Sat at 7 pm, PSU Smith Memorial Union, Room 238. Hit ammon-ra.com/skywalkerparadigm for more info.
2004 Bioneers Conference Do you know what "bioneers" are? They're HIPPIES! FILTHY, HEMP-WEARIN', PHISH-LISTENIN' HIPPIES! And there'll be "bioneers" aplenty at this video screening of speakers from the 2004 Bioneers Conference, and there'll also be a lot of talk about "social justice," "the open space of democracy," "the reverence movement," and various other hippie bullshit. First Unitarian Church
The Animation Show This year's The Animation Show is the second collection of shorts curated by Mike Judge and Don Hertzfeldt. While there are several gems in this collection, there are also enough snoozers that one should bring a healthy enthusiasm for the medium--or be prepared to take catnaps in between the more exciting entries. (Marjorie Skinner) Hollywood Theatre
Batman Begins Greatly influenced by the Batman comics of Frank Miller, director Christopher Nolan (Memento) and screenwriter David S. Goyer (the fun but stupid Blade movies) forge a reimagined story of how a lost Bruce Wayne (Christian Bale) becomes a badass vigilante. Underlying Nolan's entire film are decidedly un-Hollywood themes of fear and vengeance; the film is so good and so much fun because it embraces Batman's inherent creepiness rather than trying to hide it. (Erik Henriksen) Regal Cinemas, etc.
Bewitched See review this issue. Regal Cinemas, etc.
Bring Me the Head of Alfredo Garcia Sam Peckinpah's classic cinematic ode to adamant decapitation. For extra fun, bring along a bottle of tequila. (David Schmader) Guild
Crash Crash, the directing debut of Million Dollar Baby screenwriter Paul Haggis, certainly doesn't want for hubris, but ultimately it's an exhibit of laudable ambition overwhelming Haggis' still-developing narrative abilities. Although Haggis' would-be epic portrayal of race relations in Los Angeles sports a handful of genuinely searing moments, it's hard to shake the sense of someone constantly rearranging 3 by 5 cards behind the scenes for maximum impact. (Andrew Wright) Fox Tower 10 , Westgate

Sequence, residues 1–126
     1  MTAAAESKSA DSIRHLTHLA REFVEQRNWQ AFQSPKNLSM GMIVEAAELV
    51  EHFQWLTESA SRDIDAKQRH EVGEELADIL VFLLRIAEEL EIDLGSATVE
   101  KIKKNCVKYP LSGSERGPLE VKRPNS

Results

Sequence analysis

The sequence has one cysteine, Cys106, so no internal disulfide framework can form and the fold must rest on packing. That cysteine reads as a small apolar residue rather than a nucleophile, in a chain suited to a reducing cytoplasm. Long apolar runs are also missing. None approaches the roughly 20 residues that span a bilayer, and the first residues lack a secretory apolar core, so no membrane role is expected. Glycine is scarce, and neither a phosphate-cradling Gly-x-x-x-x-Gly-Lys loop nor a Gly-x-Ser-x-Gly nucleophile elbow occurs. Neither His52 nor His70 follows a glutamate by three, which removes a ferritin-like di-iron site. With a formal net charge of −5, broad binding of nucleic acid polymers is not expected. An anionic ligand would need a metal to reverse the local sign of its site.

Enron: The Smartest Guys in the Room This is more than just a play-by-play look at the rise, fall, and impact of Enron--the film also asks why people act immorally, and (perhaps more damningly) why others allow it to happen. Surprisingly, all of this makes for dark comedy rather than a muckraking expos; rather than pushing its political agenda, Enron simply confronts you with the worst of human nature. (Andrea Chalupa) Hollywood Theatre
Goya in Bordeaux A dull, laughably pretentious attempt to portray the painter's twilight reminiscences, Goya in Bordeaux features an elder, barrel-bellied Goya who smugly pontificates to his daughter about the tragedies and obligations of being an artist, and a younger Goya who mulls over the compromises inherent in being a court painter and the agonies of loving a notorious mistress. Neither appears smart enough to paint a bathroom wall, let alone the masterpieces that are liberally scattered throughout the film. PSU Smith Memorial Student Union
The Great Escape Steve McQueen, James Coburn, James Garner, Richard Attenborough, Donald Pleasence, and Charles Bronson are throwing a tunnelin' party--and you're invited! Laurelhurst
The Hitchhiker's Guide to the Galaxy When Earth is destroyed by alien bureaucrats, there's only one survivor: A very perplexed Brit, Arthur Dent (Martin Freeman), who's suddenly alone in a very bizarre galaxy. Thanks to a breezy (if wildly uneven) script, strong characters, and relentlessly witty visuals from director Garth Jennings, Hitchhiker's isn't as good as the book--but as a film adaptation, it's mostly harmless, succeeding at capturing the manic, hilarious spirit of Adams' work. (Erik Henriksen) Westgate , Tigard-Joy Theater , Lloyd Mall
Howl's Moving Castle The latest from genius Japanese anime filmmaker Hayao Miyazaki. A young girl, Sophie, is transformed into a hunched, wrinkled old woman--confused and frightened, she hobbles out to the misty countryside, hoping to find Howl, an enigmatic young wizard who might be able to help her. To proselytize: Go see it, right now. To use what sounds like hyperbole, but isn't: It's amazing. (Erik Henriksen) Fox Tower 10
IT (Independent Tuesdays) Acme's homemade film and video event. Acme
Journey to the Sun The Turkish police think Mehmet is Kurdish because of his dark complexion, and they arrest and beat him on false pretenses. Because of this, he loses his job and apartment; while Berzan, his Kurdish friend, helps him regain his balance--but more problems arise. (Stacey Levine) PSU Smith Memorial Student Union
Kazelmacher A Greek emigrant moves to Germany, causing conflict amongst his new peers. PSU Smith Memorial Student Union